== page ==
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What is an Iron Triangle?

Author: Sylvia Kniest



Time: One class period
Preparation
Time:
Make a transparency and copy articles from the websites listed below.
Materials: Transparency on example of Iron Triangles and article, “Iron Triangles”

 


Abstract
Students will discuss how interest groups, congress and the executive branch play a role in policy making to make up the Iron Triangle

Objectives
Students will be able to:
1. List the three points of the Iron Triangle and explain the role they have on public policy
2. Identify the role that private citizens can have on the process.

National Standards For Civics and Government
V-E How can citizens take part in civic life?
III-E How does the American political system provide for choice and opportunities for participation?

Teacher Background
Make a transparency from: http://www.uh.edu/~dsocs3/visualaids/interestgroups/ed52.htm
to illustrate an example of Iron Triangles

Resource Websites
http://www.ofcn.org/cyber.serv/academy/ace/soc/cecsst/cecsst095.html (Description of an Iron Triangle)
http://www.uh.edu/~dsocs3/visualaids/interestgroups/ed52.htm (visual on Iron Triangle)

 

 

Activity
1. Ask students what the following groups have in common:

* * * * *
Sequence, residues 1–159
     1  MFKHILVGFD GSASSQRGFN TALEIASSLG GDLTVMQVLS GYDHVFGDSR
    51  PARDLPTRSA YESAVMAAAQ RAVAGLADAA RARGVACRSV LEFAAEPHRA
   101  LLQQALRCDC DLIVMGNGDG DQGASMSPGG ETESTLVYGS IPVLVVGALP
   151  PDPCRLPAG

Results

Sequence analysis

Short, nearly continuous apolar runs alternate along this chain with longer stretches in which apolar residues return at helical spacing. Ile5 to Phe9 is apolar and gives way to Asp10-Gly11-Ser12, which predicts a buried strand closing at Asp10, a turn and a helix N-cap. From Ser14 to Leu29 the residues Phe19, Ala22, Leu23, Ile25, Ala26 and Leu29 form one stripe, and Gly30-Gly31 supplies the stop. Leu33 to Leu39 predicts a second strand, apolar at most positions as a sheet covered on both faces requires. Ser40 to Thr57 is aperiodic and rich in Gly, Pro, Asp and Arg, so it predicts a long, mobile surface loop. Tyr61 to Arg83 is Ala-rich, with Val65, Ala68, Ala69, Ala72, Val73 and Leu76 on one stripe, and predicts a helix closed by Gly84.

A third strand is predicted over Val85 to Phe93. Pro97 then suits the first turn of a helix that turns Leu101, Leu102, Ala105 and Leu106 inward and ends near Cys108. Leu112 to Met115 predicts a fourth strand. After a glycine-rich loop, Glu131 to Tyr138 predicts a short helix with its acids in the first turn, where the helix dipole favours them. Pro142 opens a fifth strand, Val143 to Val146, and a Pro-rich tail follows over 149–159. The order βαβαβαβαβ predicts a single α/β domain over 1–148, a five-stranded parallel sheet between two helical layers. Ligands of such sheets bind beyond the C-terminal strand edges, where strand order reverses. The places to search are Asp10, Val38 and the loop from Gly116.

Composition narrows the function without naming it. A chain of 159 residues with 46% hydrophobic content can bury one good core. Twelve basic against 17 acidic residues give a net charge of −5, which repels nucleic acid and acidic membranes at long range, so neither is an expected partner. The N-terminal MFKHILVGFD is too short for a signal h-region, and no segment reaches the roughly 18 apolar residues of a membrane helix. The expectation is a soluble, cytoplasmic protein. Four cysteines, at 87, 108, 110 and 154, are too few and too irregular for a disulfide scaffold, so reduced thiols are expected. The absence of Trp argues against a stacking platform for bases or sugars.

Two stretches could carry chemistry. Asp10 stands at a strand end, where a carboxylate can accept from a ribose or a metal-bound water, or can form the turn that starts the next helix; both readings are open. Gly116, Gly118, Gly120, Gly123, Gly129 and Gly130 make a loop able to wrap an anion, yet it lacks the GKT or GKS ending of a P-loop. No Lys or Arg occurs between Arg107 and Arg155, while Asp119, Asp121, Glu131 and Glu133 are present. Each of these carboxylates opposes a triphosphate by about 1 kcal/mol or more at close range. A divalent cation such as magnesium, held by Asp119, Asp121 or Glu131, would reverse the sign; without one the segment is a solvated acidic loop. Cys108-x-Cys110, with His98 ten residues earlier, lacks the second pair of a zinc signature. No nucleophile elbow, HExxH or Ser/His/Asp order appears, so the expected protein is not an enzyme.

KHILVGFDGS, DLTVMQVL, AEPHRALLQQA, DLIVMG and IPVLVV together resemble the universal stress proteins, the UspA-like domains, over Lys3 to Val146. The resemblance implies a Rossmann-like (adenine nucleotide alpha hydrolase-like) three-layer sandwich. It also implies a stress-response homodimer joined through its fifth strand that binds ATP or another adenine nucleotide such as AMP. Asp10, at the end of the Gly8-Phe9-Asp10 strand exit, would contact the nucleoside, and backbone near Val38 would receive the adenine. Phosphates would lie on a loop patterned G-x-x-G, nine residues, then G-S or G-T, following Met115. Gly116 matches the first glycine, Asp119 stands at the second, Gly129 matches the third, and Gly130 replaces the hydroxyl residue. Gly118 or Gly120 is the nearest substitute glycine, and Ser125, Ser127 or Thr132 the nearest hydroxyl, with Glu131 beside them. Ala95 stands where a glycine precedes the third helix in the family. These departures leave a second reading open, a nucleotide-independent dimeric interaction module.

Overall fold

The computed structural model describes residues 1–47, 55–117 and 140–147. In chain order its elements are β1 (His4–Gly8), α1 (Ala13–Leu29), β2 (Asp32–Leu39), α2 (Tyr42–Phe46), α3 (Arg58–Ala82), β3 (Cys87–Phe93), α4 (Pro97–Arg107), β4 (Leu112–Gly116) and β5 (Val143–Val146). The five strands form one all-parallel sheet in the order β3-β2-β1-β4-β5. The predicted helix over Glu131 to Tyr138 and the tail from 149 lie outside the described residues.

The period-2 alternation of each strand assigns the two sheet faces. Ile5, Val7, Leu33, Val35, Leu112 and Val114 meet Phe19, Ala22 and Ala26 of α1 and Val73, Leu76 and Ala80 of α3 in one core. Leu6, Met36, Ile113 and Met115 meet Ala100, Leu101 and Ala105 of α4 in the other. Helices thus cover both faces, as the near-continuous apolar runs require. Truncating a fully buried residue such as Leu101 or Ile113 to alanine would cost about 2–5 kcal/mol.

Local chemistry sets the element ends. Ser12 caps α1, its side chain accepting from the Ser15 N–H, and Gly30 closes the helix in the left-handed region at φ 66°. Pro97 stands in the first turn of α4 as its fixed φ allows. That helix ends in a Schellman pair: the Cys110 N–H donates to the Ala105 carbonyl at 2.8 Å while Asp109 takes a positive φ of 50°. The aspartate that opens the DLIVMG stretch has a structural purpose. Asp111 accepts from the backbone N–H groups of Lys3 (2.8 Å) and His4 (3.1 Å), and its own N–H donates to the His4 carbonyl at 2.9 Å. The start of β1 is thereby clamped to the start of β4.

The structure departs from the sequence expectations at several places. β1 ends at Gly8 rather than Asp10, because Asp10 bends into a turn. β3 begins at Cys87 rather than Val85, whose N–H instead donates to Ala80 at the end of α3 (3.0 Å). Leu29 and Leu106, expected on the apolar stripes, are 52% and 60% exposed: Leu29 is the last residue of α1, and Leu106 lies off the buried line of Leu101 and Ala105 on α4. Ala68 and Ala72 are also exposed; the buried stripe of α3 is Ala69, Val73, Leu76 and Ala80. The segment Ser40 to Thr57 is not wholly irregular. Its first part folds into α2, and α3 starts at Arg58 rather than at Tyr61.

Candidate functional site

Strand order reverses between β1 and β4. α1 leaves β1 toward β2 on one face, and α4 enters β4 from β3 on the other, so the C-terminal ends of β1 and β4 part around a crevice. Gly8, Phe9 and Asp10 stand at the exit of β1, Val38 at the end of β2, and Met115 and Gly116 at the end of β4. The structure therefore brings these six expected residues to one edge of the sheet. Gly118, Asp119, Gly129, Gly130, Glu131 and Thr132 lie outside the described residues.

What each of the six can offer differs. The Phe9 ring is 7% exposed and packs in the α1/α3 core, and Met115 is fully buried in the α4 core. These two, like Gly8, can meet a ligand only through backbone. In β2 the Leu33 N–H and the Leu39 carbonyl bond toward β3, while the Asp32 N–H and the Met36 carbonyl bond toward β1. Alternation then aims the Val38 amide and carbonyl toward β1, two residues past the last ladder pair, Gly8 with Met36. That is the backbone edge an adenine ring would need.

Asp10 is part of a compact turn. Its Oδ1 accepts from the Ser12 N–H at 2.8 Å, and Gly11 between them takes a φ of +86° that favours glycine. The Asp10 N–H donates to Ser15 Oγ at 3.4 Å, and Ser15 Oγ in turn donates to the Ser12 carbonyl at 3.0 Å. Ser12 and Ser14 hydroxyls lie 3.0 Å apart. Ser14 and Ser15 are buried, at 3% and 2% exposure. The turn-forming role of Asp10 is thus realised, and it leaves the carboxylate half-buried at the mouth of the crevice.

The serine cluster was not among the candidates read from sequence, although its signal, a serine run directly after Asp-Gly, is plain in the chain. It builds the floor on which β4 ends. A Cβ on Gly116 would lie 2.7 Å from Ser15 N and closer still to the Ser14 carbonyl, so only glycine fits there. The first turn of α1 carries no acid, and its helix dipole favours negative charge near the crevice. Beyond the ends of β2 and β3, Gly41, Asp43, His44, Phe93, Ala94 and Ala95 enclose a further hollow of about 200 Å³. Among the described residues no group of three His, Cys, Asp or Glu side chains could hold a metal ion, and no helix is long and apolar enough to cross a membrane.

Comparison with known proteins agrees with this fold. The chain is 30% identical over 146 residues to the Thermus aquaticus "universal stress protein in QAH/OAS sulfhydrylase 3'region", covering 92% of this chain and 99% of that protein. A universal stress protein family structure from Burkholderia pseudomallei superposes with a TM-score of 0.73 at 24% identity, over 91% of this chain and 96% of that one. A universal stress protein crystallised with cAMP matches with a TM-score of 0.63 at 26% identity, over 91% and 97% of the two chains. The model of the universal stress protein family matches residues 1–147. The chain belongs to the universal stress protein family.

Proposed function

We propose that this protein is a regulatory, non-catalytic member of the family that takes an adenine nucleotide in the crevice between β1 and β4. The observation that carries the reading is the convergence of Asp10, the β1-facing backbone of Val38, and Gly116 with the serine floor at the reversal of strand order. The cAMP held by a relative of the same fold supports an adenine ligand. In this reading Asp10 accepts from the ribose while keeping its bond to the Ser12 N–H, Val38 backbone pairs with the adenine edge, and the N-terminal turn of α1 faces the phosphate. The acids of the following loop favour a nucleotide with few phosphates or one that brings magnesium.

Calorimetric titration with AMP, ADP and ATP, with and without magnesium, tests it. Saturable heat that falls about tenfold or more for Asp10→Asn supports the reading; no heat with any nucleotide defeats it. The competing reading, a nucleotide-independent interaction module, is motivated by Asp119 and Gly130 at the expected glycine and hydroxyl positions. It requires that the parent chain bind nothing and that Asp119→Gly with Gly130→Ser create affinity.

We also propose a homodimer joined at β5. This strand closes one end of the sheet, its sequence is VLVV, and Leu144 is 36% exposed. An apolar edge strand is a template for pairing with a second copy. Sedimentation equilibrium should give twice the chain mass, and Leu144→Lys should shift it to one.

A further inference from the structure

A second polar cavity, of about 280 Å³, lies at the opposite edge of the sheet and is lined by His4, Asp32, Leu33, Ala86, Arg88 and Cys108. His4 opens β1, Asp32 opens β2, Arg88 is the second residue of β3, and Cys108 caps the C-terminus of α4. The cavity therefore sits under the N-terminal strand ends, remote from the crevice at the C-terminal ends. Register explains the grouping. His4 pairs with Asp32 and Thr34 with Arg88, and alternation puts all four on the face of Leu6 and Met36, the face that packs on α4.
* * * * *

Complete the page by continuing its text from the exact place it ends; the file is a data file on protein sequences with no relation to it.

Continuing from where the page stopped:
Secretary of Energy, member of the Nuclear Energy Institute and Chairman of the committee on Energy and Natural Resources.

2. Have students read, “Iron Triangles” by John Balistere from http://www.ofcn.org/cyber.serv/academy/ace/soc/cecsst/cecsst095.html

a) Discuss: Why do presidents have a difficult time getting their policy initiatives passed?
b) Where do private citizens play a role?
3. Make a transparency or hand out of the visual from: http://www.uh.edu/~dsocs3/visualaids/interestgroups/ed52.htm
a) Which part of the iron triangle appears to have the greatest power over policymaking? Why?
b) What major potential for influence do the other two groups have?

Closure
Hold a class discussion on the following:
Can any president fulfill his or her campaign promises or the promises he or she makes to the American people?
What would it take for him or her to do so? What might be other examples of issues where there is an iron triangle?

Homework
None.

Embedded Assessment


PULSE is a project of the Community Outreach and Education Program of the Southwest Environmental Health Sciences Center and is funded by:


an
NIH/NCRR award #16260-01A1
The Community Outreach and Education Program is part of the Southwest Environmental Health Sciences Center: an NIEHS Award

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Supported by NIEHS grant # ES06694


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Last update: November 10, 2009
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